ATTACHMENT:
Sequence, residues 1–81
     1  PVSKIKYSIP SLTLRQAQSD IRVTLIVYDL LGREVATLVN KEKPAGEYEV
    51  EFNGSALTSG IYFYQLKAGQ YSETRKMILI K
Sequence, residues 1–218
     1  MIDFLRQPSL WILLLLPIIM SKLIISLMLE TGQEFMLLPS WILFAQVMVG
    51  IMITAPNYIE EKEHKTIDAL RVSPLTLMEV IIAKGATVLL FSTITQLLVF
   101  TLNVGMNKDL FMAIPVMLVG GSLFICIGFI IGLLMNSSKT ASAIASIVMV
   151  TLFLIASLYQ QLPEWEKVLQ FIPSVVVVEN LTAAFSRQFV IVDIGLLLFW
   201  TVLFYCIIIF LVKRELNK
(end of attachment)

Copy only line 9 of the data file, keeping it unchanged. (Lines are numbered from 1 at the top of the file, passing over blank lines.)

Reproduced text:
   201  TVLFYCIIIF LVKRELNK